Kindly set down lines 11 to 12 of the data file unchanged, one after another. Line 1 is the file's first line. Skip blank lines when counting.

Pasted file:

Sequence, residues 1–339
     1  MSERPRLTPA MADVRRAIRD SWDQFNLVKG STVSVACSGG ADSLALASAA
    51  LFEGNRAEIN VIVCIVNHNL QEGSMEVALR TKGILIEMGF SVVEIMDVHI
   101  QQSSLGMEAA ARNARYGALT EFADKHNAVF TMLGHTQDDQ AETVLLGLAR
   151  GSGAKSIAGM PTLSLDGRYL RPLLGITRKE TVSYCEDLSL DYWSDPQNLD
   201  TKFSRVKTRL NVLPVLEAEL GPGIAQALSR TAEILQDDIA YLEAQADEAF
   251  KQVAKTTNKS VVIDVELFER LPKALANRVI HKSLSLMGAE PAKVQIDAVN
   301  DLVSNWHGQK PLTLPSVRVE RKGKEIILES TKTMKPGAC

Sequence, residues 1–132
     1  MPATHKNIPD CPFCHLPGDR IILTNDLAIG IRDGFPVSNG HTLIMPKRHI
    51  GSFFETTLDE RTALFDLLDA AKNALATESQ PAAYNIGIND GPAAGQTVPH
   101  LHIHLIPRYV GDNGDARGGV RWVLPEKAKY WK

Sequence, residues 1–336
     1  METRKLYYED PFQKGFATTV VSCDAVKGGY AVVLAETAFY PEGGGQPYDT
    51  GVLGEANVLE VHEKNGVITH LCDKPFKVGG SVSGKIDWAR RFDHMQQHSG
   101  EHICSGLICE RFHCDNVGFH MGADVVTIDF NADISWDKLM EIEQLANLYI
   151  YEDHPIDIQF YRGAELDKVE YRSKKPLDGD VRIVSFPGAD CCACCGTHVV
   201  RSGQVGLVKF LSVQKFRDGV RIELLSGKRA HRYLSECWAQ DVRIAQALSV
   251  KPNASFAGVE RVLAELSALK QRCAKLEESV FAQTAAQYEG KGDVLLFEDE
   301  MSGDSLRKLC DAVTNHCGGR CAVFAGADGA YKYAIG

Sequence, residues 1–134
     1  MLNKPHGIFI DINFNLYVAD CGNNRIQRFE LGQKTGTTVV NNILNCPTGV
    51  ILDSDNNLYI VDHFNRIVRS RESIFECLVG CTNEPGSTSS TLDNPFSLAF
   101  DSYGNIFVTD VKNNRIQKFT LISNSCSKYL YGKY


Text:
    51  GSFFETTLDE RTALFDLLDA AKNALATESQ PAAYNIGIND GPAAGQTVPH
   101  LHIHLIPRYV GDNGDARGGV RWVLPEKAKY WK